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What ‘White Privilege’ Means To Me


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We are privileged because the racism that our country was built on has made us believe that white skin is superior. We did not ask to be born white. However, our black brothers and sisters did not ask to be killed. White privilege means that as a white person I do not need to feel threatened by anyone because of my skin. This privilege does not discredit any of our own problems and struggles. But these problems are not because of our skin.

A co-conspirator is someone who fights against a system that helps them in order to fight for justice. With white skin, it puts us at an advantage against others in the world. It may seem nice, almost helpful, but it creates social injustice. As co-conspirators, we must fight against the corrupt system our country is in order to dismantle the injustices that plague it. This fight against racism is not simple. It does not end with a repost on Instagram. It does not end with this protest. It does not end until our country no longer stands on the racist history that our ancestors created.

To the white people of Verona, we cannot let our skin color divide us. We cannot pretend that just because we are white, we are not affected by what is going on. We must accept that we will never understand what it is like to be a target.

Instead of letting our differences divide us, we must accept them. We must see color. Black, lesbian feminist Audre Lorde said in her piece titled “The Master’s Tools will Never Dismantle,” that we cannot ignore color.

“Advocating the mere tolerance of difference between women is the grossest reformism. It is a total denial of the creative function of difference in our lives. Difference must be not merely tolerated, but seen as a fund of necessary polarities between which our creativity can spark like a dialectic. Only then does the necessity for interdependency become unthreatening. Only within that interdependency of different strengths, acknowledged and equal, can the power to seek new ways of being in the world generate, as well as the courage and sustenance to act where there are no charters.”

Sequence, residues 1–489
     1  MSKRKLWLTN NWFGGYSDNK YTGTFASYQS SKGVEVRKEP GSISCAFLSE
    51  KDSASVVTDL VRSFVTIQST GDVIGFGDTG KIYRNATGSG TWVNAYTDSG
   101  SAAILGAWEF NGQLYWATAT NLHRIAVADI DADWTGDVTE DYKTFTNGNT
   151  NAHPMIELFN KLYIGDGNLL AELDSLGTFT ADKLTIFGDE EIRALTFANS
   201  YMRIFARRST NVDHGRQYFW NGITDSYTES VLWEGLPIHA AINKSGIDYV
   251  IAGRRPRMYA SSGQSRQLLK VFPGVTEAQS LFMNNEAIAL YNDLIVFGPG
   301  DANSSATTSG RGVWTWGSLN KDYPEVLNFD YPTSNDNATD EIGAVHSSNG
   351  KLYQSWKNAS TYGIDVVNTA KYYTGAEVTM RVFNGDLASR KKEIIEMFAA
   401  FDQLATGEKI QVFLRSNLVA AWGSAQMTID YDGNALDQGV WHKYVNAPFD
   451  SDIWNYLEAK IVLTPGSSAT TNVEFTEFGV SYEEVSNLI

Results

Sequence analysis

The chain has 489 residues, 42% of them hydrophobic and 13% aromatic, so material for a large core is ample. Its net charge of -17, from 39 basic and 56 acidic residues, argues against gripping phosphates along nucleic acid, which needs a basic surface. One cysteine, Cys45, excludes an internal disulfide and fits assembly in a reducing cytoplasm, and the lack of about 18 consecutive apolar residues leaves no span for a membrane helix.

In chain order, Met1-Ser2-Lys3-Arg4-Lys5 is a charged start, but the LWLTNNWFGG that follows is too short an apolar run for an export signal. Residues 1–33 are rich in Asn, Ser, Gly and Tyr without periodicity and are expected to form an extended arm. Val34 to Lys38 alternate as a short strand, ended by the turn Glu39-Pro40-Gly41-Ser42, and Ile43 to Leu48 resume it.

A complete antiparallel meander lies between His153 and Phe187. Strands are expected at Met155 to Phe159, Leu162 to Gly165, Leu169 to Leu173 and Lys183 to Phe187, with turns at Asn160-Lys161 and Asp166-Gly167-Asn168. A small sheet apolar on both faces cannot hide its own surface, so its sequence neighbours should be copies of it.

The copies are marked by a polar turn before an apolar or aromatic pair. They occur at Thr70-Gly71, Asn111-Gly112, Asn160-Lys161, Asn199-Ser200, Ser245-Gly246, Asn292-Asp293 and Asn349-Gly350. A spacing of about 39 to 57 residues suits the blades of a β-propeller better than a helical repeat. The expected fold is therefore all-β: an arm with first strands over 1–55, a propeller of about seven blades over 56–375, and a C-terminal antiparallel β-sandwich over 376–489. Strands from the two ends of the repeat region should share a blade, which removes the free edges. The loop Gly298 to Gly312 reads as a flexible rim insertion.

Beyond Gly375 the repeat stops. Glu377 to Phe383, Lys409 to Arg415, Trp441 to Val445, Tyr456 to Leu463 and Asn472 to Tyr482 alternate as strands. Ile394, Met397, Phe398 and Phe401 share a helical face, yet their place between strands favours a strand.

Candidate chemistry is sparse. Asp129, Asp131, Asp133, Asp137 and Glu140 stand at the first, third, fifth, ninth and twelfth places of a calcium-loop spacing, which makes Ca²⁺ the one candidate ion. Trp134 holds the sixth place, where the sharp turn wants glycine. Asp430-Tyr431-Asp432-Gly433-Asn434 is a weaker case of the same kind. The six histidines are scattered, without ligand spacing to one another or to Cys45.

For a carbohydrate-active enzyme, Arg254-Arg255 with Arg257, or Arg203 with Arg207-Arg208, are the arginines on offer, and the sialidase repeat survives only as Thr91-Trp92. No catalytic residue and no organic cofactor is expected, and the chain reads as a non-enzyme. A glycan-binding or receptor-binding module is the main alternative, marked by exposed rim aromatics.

We must acknowledge the history that comes with our race. The culture that comes with black skin and respect it. It is dire for us to become one in order to end the racist supreme that controls our country. But in order to be one, we must embrace the differences that create us and stop condemning people.

We cannot rely on the individuals who face racism to teach us how to change. We must allow ourselves to learn the history that is left out of school. We must educate ourselves in order to ally ourselves with our black community. An attack against one is an attack against all.

Julia DiGeronimo was one of the organizers of the Rally for Justice in Verona on June 13, 2020 that was held in support of Black Lives Matter. She delivered these remarks on the steps of Town Hall.

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